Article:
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I've been reading about C++ and working with classes and pointers, but now I need to know where to go from here (if it's GUI then it's gonna have to be Qt because it seems the best).

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Reading SO with tag C++ helped me to learn something new. I've been programming for 10 or 12 years (don't remember exactly). –  Kirill V. Lyadvinsky Jul 7 '09 at 5:54

37 Answers 37

Other than learning a new language as suggested in another answer, I'd read some of the classics. I haven't yet (just bought my first one: Pragmatic Programmer), but I made a list based off this SO thread:

What is the single most influential book every programmer should read?

I made a list in pretty much the same order as by upvotes on that thread, except I started with Pragmatic Programmer since it is shorter.

EDIT: This probably does not make you a better C++ per se, but definitely a better programmer in general, which will translate to your C++ code.

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I've found that there are few substitutes for the draft standard. It's not very interesting for idle reading, but C++ is a large and complex language. When you've got a specific problem, and you're stuck trying to figure out why the compiler is doing something or other, it can be of great benefit to actually look up the details of how it's supposed to work. It's hard to get that from other resources.

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Read a lot of code. From what I understand, you already have written lots of code so what you need is learn how other people think in C++. Read code that was written by really smart people that solves some real-world problem (like open-source projects).

Think about, if you're writer, do you need to read? Stephen King, in "On Writing" says that a good writer absolutely must read a lot. Programming isn't all that different.

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Read James Coplien: Advanced C++.

If you haven't been exposed to other language styles then it'll teach you to mimic the styles of other languages in C++.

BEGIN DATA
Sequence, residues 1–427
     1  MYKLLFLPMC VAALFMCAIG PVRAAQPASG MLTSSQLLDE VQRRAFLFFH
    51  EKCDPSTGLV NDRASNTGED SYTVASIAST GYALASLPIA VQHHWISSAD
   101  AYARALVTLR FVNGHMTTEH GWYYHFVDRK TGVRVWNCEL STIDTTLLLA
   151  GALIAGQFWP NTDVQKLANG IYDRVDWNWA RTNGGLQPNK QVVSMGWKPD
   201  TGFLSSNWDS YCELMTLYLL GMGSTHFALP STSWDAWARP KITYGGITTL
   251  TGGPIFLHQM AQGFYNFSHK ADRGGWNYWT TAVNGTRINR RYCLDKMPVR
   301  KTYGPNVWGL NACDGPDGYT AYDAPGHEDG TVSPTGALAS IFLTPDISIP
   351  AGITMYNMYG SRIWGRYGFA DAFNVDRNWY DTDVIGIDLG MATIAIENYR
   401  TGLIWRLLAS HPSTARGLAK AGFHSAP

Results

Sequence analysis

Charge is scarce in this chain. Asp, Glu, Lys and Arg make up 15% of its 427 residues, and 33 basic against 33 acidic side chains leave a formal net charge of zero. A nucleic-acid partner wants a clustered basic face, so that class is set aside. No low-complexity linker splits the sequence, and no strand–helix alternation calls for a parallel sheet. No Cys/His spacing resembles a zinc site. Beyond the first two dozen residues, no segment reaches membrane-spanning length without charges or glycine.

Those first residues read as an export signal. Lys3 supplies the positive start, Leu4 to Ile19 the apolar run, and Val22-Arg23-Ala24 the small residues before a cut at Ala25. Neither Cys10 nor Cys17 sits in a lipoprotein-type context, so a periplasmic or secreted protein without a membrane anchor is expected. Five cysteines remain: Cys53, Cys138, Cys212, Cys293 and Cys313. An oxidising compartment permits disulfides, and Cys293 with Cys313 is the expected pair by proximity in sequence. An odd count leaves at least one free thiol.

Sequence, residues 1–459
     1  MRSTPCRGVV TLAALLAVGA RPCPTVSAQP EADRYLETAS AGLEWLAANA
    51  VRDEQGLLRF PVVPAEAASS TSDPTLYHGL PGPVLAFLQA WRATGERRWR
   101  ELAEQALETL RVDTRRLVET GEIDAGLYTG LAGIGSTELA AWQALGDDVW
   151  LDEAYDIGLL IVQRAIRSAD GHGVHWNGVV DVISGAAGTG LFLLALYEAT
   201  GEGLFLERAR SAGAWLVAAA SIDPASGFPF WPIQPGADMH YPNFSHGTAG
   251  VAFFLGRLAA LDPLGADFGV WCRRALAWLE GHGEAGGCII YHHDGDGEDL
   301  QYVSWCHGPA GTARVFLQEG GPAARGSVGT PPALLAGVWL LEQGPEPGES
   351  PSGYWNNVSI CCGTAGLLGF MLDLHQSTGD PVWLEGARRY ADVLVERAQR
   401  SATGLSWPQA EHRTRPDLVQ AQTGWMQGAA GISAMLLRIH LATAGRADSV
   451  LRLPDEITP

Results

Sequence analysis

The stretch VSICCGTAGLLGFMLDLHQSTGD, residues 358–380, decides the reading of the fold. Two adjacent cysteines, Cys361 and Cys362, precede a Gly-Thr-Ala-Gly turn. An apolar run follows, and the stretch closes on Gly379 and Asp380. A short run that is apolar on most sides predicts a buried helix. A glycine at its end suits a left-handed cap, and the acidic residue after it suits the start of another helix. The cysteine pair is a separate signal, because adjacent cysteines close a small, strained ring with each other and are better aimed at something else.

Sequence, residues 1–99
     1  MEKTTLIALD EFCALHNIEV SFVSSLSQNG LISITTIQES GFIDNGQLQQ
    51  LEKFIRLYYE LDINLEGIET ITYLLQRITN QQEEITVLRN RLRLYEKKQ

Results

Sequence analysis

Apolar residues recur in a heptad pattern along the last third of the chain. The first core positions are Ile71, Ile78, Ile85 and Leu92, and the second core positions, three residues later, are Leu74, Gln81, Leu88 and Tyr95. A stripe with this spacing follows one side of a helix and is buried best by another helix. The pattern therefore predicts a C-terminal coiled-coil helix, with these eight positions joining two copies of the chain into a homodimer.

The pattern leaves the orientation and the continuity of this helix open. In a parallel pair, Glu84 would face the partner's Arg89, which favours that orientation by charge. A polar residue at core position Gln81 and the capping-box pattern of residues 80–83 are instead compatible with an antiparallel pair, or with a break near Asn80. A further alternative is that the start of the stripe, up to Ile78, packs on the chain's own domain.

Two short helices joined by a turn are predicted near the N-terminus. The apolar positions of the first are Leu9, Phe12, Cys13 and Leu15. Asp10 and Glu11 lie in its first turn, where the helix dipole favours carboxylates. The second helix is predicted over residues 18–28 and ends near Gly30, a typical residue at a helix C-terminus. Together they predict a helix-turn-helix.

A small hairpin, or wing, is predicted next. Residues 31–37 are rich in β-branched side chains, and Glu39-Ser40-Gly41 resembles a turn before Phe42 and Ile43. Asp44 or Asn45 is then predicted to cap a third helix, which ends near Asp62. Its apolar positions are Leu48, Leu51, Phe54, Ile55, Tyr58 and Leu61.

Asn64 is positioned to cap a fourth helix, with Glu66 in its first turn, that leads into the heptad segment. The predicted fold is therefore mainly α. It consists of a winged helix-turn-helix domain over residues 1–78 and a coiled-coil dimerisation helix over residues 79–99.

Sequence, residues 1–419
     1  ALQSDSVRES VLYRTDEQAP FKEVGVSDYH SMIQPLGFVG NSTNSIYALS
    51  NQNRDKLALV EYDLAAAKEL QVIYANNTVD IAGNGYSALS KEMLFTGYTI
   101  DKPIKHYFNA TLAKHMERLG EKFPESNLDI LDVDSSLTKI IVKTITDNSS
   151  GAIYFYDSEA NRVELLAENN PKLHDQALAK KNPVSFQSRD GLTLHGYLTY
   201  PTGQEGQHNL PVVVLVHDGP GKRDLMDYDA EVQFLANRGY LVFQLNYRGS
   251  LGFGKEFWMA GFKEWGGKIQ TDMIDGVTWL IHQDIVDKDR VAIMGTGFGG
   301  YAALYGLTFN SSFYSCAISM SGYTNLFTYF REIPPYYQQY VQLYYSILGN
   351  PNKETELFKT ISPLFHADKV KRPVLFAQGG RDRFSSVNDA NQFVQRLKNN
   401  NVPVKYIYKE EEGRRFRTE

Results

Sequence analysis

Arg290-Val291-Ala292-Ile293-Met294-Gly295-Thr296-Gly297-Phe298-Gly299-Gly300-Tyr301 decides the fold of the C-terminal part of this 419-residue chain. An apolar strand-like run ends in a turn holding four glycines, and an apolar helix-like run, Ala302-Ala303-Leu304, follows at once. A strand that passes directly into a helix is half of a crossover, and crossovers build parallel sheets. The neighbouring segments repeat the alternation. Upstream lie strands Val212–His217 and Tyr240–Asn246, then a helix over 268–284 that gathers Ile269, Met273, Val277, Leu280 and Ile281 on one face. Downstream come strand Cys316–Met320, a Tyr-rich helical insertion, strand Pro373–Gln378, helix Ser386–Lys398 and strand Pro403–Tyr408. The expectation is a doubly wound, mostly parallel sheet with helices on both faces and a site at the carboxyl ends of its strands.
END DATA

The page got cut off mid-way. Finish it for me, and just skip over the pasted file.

It may get you thinking differently

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My addition: Learn and understand the details of a computer system. The details contained inside of a book like "Computer Systems: A programmer's perspective" can really improve the design of some one's functions as well as memory handling.

A programmer's perspective

For me, so far, Chapter 3 and Chapter 6 will have the biggest impact on my thoughts while coding.

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C++ has the added bonus that it allows you to program in any style you choose. As a result it is usually possible to solve problems in 3, 4 or 100 different ways.

My recommendation therefore is, when you are confronted with a problem that you believe you have a solution for, then stop and try to think how it might be solved using a different style.

For example if polymorphism will solve your problem, then why not try to use templates to come up with a solution that uses "compile time polymorphism".

Books and coding styles are invaluable, but I find it's easier to really comprehend their meaning when I'm applying what they teach in real code.

Finally, don't be shy of using 3rd party libraries. IMHO, boost and QT provide the missing pieces that C++ lacked (in comparison to say Java) as well as removing a lot of the low level pain such as memory management etc.

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Don't just learn another language, learn about what makes those other languages special. I hate to use the term paradigm, but that's exactly what you need: a shift in paradigm. Learn about functional programming in scheme or haskell or ML. Learn about 'logic' programming via prolog. Learn about building massively scalable apps in erlang. Learn about clojures and lambdas and actors and type systems. And then take those ideas and see how they apply back to your work in C++ and C# by revisiting old code (like code you wrote 7 or 8 years ago). What would you do different, and more importantly WHY? Then try to imagine how you would re-write that code in another ten years, and why.

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